Bae Hyung Kyung

It is precisely 2 decades since Bae Hyung-kyoung held her first solo exhibition. This year, too, her subject is the human body. Neither female nor male. The form is just 'the body.' Like a medical copper body designed to be faithful to the concept, her human forms look like a typical but anonymous being rather than social or existential. Nevertheless, since her human forms feature a male body with strong shoulders and muscles, they are the human bodies on the boundary between masculinity and femininity. The social question about the human existentialism seems to be equated with the personal question about femininity and its roles. Furthermore, the forms with a horn on the head, a part of head decomposed or even an object disorderly in front of one-side face shape the pain welling up from within the inside. The adolescent girls will be gradually used to their physical pain occurring from within their inside body, and so, their perception of the human body must not be the same as boys'. Hence, her human body becomes herself. With such 'verb' type themes as 'Look' or 'Think,' her works reinforce subjectivity of the behaviors only to prove such guess.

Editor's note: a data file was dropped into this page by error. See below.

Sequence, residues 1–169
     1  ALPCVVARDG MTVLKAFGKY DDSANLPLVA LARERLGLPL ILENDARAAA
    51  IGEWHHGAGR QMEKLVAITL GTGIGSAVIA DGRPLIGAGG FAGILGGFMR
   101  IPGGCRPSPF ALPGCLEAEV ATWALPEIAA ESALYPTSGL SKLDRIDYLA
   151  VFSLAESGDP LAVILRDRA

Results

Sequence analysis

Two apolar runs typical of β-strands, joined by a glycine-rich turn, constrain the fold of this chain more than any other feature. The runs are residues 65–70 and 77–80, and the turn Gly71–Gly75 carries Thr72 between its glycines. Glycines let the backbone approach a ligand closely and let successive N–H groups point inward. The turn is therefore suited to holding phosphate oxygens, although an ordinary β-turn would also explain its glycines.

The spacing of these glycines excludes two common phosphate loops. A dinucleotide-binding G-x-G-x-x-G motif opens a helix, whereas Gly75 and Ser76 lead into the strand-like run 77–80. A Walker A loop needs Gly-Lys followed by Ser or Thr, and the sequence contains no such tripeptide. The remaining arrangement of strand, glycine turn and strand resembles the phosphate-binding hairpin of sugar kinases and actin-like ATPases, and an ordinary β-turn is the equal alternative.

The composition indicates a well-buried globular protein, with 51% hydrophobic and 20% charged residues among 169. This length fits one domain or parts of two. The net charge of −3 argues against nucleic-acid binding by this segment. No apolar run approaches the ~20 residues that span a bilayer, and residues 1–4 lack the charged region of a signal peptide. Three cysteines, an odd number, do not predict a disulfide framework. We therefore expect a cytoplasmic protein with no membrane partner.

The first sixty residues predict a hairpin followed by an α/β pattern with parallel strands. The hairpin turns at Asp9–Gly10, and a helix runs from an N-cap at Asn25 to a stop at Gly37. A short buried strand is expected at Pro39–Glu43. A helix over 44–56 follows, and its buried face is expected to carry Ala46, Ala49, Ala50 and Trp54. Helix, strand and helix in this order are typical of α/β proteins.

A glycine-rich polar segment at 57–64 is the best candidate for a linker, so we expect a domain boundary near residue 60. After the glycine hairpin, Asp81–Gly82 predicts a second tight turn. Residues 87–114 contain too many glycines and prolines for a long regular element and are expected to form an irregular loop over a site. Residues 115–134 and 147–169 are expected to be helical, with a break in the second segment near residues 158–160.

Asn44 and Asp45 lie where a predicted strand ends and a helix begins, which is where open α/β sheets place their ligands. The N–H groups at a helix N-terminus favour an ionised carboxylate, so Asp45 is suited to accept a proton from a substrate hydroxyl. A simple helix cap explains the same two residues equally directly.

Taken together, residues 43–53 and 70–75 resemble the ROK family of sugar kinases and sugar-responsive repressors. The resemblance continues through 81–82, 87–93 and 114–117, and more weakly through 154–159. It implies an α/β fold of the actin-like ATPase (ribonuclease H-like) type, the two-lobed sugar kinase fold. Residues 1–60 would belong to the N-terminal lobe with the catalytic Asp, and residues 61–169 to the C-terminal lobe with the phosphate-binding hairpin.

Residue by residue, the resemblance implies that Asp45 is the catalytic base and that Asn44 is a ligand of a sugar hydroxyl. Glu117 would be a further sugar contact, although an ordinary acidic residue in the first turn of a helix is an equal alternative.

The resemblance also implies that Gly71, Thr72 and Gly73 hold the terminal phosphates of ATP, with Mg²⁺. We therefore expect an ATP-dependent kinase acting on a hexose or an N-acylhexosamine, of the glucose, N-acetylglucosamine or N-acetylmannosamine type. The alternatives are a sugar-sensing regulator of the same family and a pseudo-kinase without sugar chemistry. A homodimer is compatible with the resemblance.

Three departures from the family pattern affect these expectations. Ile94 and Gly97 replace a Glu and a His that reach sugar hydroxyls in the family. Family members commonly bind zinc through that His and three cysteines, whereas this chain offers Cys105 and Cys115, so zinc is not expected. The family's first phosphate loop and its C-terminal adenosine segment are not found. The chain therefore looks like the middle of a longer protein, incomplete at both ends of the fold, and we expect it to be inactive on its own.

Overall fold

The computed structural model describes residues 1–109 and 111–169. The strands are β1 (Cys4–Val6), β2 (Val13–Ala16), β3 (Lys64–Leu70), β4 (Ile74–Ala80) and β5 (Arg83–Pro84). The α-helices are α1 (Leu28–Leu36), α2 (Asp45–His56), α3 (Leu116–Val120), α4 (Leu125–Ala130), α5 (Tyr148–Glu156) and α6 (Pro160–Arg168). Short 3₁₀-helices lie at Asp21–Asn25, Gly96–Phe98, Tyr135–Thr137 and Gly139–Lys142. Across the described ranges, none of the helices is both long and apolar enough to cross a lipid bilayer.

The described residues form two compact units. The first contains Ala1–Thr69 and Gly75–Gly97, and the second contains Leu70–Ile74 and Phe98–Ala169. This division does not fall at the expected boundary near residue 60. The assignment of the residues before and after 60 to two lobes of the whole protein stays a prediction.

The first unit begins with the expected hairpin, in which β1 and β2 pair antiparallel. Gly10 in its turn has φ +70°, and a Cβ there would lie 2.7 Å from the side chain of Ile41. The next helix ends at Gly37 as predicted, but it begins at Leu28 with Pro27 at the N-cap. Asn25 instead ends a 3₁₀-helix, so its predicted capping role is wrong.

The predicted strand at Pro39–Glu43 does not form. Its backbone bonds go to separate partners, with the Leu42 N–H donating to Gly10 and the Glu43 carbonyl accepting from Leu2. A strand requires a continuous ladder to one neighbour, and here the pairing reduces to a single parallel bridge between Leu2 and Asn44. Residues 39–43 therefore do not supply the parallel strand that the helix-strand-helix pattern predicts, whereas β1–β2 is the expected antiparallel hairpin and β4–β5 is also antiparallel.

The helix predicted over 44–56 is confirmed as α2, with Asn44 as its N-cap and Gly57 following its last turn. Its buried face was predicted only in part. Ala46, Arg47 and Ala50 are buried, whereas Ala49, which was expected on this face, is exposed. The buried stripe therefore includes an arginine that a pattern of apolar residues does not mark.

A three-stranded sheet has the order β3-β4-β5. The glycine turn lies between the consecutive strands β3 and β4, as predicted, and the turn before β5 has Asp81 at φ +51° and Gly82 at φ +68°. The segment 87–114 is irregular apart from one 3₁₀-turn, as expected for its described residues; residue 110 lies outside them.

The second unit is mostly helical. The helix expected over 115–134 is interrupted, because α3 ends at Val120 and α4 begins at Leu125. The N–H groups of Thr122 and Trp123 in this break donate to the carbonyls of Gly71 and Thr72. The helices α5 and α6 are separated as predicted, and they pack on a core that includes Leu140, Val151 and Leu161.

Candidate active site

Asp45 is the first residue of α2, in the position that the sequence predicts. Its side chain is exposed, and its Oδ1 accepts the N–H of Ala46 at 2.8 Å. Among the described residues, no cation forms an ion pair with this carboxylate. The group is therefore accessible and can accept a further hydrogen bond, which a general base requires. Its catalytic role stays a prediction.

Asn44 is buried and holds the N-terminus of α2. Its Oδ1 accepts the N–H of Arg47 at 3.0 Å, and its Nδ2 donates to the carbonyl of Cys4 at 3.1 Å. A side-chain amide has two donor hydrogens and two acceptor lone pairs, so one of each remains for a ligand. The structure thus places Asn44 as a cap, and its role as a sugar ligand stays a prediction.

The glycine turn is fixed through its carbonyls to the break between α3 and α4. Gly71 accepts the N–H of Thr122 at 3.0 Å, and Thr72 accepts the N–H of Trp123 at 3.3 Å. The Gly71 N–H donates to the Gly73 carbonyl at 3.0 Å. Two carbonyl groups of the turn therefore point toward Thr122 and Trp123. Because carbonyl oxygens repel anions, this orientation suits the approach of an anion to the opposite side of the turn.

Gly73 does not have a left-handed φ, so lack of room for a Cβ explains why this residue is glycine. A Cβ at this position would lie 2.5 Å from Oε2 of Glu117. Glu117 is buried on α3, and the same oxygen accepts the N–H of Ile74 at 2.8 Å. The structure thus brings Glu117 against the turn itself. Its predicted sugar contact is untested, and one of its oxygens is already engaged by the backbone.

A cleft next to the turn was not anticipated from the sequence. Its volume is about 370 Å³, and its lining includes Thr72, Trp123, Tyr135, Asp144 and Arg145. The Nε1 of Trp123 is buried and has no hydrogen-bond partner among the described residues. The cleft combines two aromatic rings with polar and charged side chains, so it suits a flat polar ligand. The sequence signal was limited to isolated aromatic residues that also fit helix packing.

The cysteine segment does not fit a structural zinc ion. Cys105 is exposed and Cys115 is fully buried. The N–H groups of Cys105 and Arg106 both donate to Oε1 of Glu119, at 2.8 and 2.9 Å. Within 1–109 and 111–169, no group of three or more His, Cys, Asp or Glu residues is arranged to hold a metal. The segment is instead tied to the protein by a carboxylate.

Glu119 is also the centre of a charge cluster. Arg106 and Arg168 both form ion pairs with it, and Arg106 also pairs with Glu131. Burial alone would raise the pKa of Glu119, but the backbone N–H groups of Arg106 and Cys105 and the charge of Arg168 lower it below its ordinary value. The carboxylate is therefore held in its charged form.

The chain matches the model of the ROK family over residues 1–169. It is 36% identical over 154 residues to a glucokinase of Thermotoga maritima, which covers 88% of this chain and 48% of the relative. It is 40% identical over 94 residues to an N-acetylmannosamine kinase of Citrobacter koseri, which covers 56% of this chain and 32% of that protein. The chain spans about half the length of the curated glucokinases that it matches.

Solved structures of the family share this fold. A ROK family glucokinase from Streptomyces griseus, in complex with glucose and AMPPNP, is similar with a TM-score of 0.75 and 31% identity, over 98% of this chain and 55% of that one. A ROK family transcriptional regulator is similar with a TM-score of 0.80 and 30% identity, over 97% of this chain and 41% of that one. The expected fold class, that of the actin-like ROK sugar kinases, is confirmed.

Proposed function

The human body she expresses has obscure eye-balls and fluid surface. The skin full of her hand traces seems to be dragging down, and the narrow parts around the eyes seem to form the cheeks, while the nose rises high. Such fluidity implies the flow of time and the variability. All such under-definition is the present the artist looks at. A long and thick iron plate is fixed into the human body. The human body keeps it life-long like its shadow. It does not feel its weight but its form should stay captured in a place. The mechanism symbolizes 'Karma.' Her work titled 'Think' features the rough hand traces and the nose only within a square box. It is reminiscent of 'Arhat' statue or self-mortifying Buddha statue. Her solo exhibition in 2001 was titled 'Resembles Buddha,' and that in Beijing in 2009 was titled 'Karma.' The two exhibitions hint a meditation on life from the Buddhistic perspective, and her solo exhibition in 2004 titled 'Man Is Born to Live and Then, Die' can be reviewed in the same context, although the title might be not of a religious nature. Anyway, she looks into human life and mentality, being detached from afar. She expresses the extremely self-reflecting mediation on being from the Buddhistic perspective.
She respects tradition, pursues a naturalism formative grammar and maintains a self-reflecting view of the human life. She is a rare artist who has insisted on a single theme consistently to find an answer to the question she raised for herself.

Jo Eun-jeong